will instead carry with you for the rest of
your life the virtue Erikson calls love.
STAGE SEVEN (Middle Adulthood)
Generativity vs. Stagnation
 The middle years of stage comprise the
productive years of adulthood. In this
stage, the individual‟s productivity is
gauged by his contributions to his family
and to society. According to Erikson, the
person who fails to develop this sense of
generativity becomes preoccupied instead
with his personal needs and interests with
his personal needs and interests or both
with a sense of self-absorption.
Maladaptation/Malignancy
 Overextension – illustrates the
problem. Some people try to be so
generative that they no longer allow time
for themselves, for rest and relaxation.
 Rejectivity – too little generativity and
too much stagnation and you are no
longer participating in or contributing to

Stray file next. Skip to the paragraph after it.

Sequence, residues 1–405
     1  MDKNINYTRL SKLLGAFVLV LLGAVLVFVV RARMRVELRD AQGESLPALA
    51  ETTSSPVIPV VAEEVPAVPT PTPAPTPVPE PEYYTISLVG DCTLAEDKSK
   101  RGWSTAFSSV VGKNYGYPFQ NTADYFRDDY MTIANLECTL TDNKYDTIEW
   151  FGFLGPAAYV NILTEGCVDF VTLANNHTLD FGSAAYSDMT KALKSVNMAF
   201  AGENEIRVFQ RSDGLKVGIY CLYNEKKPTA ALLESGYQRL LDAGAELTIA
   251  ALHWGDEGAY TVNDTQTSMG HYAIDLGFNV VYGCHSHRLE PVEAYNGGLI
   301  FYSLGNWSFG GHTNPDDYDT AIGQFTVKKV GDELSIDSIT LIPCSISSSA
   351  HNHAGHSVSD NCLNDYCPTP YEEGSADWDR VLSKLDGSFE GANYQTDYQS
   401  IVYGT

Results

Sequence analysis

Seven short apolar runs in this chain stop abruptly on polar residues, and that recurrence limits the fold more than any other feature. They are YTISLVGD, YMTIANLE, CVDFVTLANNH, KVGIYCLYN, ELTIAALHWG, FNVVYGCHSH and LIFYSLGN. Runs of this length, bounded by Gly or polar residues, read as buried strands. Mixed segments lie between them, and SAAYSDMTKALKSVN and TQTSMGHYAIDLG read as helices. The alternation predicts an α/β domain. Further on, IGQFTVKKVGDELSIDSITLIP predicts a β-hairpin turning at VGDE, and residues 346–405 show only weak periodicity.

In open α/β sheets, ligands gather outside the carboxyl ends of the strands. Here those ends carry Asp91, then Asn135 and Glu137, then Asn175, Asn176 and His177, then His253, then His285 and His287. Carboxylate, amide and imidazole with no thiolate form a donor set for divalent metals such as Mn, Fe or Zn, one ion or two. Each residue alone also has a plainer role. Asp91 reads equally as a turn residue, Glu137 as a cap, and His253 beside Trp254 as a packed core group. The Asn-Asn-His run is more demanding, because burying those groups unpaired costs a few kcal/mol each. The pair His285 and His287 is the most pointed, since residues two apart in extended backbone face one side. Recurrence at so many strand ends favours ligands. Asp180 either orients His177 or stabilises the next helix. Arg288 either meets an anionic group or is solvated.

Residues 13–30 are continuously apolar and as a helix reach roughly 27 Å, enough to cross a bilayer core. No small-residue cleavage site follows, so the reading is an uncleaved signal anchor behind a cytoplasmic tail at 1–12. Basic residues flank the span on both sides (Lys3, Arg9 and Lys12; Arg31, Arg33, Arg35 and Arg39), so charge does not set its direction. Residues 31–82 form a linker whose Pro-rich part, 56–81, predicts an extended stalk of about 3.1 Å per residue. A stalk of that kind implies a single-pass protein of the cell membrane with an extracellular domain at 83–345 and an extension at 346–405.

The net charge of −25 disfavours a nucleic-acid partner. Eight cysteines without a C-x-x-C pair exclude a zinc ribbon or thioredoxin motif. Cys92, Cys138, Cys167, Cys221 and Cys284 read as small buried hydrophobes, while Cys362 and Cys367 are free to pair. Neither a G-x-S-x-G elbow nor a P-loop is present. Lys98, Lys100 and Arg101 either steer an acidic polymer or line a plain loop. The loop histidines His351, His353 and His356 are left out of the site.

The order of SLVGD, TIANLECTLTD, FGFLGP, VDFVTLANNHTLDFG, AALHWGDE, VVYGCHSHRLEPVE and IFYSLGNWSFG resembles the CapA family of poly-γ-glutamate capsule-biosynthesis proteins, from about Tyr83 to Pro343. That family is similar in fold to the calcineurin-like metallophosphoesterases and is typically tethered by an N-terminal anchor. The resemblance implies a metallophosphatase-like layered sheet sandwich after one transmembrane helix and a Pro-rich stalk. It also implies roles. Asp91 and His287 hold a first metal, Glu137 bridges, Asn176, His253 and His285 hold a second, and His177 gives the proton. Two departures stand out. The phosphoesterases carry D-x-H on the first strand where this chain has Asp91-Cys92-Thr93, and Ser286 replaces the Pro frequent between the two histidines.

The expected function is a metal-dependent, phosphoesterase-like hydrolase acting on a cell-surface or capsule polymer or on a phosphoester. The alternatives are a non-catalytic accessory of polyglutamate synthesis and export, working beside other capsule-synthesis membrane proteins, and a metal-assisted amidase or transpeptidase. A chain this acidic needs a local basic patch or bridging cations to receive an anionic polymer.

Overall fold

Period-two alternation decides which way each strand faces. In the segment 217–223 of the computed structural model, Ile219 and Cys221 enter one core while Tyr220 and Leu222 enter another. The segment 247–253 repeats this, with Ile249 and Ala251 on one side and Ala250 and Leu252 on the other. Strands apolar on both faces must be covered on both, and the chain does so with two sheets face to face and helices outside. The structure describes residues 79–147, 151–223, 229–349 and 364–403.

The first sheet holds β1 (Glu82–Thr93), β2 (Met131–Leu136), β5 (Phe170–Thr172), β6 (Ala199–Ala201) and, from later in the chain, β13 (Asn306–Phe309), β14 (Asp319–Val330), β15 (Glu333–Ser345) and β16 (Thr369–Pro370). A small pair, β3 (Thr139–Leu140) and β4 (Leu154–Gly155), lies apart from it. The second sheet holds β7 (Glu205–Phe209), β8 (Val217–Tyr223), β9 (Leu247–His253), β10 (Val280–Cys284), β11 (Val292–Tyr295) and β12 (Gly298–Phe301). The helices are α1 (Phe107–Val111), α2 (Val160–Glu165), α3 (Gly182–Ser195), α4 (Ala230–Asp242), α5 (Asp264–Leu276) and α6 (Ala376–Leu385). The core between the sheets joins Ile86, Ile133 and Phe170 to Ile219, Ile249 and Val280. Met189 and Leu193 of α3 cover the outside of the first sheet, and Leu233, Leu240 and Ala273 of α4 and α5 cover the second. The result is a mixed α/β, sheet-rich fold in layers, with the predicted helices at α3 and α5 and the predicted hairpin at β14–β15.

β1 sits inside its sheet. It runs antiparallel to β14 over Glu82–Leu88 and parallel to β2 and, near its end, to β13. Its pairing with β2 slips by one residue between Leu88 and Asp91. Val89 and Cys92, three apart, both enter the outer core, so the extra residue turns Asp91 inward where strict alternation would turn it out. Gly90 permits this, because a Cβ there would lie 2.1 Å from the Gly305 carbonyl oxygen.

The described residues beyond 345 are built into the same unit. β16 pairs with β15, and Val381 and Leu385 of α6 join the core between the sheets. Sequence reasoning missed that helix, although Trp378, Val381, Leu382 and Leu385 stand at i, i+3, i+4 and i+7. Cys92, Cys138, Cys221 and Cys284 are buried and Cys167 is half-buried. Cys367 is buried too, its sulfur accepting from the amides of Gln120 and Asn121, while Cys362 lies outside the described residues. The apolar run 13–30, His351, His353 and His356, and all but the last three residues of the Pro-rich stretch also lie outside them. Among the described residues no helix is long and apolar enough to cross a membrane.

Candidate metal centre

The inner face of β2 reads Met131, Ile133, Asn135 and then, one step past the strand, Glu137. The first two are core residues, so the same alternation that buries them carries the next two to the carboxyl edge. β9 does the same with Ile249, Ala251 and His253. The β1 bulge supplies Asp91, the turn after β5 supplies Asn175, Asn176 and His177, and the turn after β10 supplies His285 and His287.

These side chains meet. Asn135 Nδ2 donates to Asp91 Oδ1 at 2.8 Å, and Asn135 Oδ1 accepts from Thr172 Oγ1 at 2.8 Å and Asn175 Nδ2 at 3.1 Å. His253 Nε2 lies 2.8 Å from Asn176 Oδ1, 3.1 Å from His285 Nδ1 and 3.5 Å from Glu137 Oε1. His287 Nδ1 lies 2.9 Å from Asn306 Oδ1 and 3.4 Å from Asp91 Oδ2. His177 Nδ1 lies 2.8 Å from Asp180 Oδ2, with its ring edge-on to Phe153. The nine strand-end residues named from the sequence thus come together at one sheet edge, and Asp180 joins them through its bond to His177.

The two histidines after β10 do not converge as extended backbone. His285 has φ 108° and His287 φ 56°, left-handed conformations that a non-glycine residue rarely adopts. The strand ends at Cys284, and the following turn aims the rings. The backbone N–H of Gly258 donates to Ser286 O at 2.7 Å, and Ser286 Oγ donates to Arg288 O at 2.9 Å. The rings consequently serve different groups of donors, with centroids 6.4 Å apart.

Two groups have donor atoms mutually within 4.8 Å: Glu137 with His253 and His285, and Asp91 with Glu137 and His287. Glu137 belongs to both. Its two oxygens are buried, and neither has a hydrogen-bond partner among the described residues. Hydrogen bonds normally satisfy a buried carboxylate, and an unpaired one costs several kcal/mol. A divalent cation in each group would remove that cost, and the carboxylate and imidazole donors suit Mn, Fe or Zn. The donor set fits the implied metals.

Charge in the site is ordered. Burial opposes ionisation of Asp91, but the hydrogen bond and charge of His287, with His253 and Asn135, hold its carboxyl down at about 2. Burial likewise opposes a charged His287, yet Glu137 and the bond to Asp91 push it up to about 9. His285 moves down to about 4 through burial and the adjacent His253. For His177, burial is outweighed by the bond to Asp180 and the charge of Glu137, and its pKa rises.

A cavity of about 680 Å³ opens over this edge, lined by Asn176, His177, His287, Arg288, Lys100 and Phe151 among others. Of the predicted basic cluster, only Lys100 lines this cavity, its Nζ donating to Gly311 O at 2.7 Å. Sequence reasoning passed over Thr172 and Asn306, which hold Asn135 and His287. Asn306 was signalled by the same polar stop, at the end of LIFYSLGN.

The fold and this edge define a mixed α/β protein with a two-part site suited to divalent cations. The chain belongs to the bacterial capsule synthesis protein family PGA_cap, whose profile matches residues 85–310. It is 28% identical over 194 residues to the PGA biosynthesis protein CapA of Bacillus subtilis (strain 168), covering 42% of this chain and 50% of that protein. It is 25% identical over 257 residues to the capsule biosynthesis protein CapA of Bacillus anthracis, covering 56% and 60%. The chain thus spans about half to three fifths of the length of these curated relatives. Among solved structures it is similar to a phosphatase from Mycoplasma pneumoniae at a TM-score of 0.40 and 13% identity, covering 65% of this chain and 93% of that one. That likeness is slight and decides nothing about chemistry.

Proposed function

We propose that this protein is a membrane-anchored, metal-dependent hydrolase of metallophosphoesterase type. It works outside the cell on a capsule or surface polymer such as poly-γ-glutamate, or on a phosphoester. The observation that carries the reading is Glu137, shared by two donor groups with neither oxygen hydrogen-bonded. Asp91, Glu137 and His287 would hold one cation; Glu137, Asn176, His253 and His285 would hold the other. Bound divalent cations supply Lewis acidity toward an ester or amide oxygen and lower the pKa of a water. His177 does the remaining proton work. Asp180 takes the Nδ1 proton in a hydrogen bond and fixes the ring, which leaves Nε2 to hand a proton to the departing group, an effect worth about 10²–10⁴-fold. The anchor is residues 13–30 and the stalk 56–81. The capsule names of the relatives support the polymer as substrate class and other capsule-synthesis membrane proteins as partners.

society.
VIRTUE

 But if you are successfully


at this stage, you will have
a capacity for caring that
will serve you through the
rest of your life.
STAGE EIGHT (Late Adulthood)
Ego Integrity vs. Despair
 In the last stage, a person comes to terms
with the temporal limits of his life. It is the
fulfillment and culmination. In Erikson‟s
view, it is the achievement of a sense of
integrity resulting from identification with
mankind. If a person, however, develops an
attitude of regret and fear of the end of
life, then a sense of despair emerges
instead.
Maladaptation/Malignancy
 Presumption – this is what happens
when a person “presumes” ego integrity
without actually facing the difficulties of
old age.
 Disdain – by which Erikson means a
contempt of life, one‟s own or anyone‟s.
 Someone who approaches
VIRTUE death without fear has the
strength Erikson calls
wisdom.
 THE END. 